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Enquiry from Online Galleries regarding "A Remarkable collection of 29 carved Pitcairn Flying Fish and other carvings"
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Look at what I found on the Online Galleries website!
Mid 19th - mid 20th century
When they settled Pitcairn, Fletcher Christian and the eight other men were not inspired by any ideals of freedom or equality. They evidently treated their Tahitian companions they brought with them to Pitcairn as inferiors and ironically, the small community experienced its own bloody mutinies in which most of the mutineers, including Fletcher Christian were killed. By 1800 only one of them was still alive. Stricken with remorse, Alexander Smith changed his name to John Adams and vowed to bring up the surviving children and their Tahitian mothers to be god-fearing Christians. He succeeded so well that by the time their secret hideaway was discovered in 1808, the fugitives had become a happy and pious people.
In February 1808, the American sealer ship, the 'Topaz', spied land where no land was indicated on the charts. The ship's captain, called Folger, realised that this must be Pitcairn Island discovered 40 years ago by the British sloop 'Swallow' but wrongly laid down on all sea charts as lying nearly 180 miles further west. Pitcairn was literally off the map.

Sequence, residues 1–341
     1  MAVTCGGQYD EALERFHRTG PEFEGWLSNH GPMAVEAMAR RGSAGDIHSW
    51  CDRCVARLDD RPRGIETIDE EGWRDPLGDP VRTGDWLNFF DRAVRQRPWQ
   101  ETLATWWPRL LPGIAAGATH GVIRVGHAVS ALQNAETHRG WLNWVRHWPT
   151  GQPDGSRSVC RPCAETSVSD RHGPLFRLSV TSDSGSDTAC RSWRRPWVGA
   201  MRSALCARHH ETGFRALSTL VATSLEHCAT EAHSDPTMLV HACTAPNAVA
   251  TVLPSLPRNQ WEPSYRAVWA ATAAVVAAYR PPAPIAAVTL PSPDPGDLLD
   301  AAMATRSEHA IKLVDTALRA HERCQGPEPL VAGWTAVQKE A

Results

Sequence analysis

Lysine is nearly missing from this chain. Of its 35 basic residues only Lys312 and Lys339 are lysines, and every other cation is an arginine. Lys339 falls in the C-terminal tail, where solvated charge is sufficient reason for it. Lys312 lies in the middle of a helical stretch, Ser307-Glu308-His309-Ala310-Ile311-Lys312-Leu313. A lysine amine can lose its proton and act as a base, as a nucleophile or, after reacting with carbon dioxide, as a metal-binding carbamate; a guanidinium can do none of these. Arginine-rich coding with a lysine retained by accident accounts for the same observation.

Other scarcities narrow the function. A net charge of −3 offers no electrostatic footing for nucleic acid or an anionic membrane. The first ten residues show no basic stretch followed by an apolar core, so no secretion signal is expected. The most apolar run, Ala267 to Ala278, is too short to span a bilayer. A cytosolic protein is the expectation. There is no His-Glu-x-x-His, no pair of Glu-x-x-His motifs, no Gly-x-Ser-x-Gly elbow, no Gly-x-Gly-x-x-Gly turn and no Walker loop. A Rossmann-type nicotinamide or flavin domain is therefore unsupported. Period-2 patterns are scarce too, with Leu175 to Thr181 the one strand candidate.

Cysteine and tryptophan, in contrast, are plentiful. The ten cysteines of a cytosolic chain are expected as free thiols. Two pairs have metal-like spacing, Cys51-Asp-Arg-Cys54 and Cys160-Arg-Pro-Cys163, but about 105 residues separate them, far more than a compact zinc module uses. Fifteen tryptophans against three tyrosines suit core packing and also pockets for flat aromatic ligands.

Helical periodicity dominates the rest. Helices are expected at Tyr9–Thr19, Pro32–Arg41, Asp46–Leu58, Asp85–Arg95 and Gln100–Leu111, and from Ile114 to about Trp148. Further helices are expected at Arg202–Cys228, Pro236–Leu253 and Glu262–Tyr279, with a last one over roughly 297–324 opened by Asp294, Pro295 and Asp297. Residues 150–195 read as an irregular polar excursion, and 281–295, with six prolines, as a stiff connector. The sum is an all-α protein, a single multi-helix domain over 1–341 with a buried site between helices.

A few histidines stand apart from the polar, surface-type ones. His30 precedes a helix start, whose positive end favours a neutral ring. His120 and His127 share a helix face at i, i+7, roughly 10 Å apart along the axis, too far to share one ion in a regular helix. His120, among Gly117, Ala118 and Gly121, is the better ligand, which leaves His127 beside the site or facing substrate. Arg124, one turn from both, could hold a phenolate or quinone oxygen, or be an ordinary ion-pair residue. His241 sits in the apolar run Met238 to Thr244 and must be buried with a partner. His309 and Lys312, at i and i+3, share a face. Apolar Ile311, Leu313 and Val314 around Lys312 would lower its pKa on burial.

Since being discovered, Pitcairn has spread its population. Most of the descendants of the 'Bounty' now live in Norfolk, another remote island 4000 miles to the west. Today only about 60 men, women and children remain on Pitcairn and they are 6th, 7th, and 8th generation descendants of the mutineers and Christian is still an island family name.
The community runs on a fragile economy, largely subsidised by the British Government and by a flourishing trade in pretty postage stamps bearing the head of the Queen. They supplement their modest incomes by making carvings from miro wood, harvested on the coral atoll of Henderson Island, one of three other islands belonging to the Pitcairn group.
Since the opening of the Panama canal, Pitcairn has been on the sea route to New Zealand and the carved and polished wooden fish are popular with visiting yachts. In some months as many as 30 ships would halt briefly off Pitcairn; in others there were none at all. The islanders collectively own two 40ft long aluminium long boats called 'Tin' and 'Tub', they are their lifelines launched to greet passing freighters and tourist boats. They go out with bags of mail, fresh fruit and the miro wood carvings completed since the last ship called. They return with cash from the tourists and with domestic goods ordered months before by post.
With the advent of commercial airlines flying to New Zealand, the trans Pacific cruise liners together with commercial shipping lines declined rapidly from the early 1950's.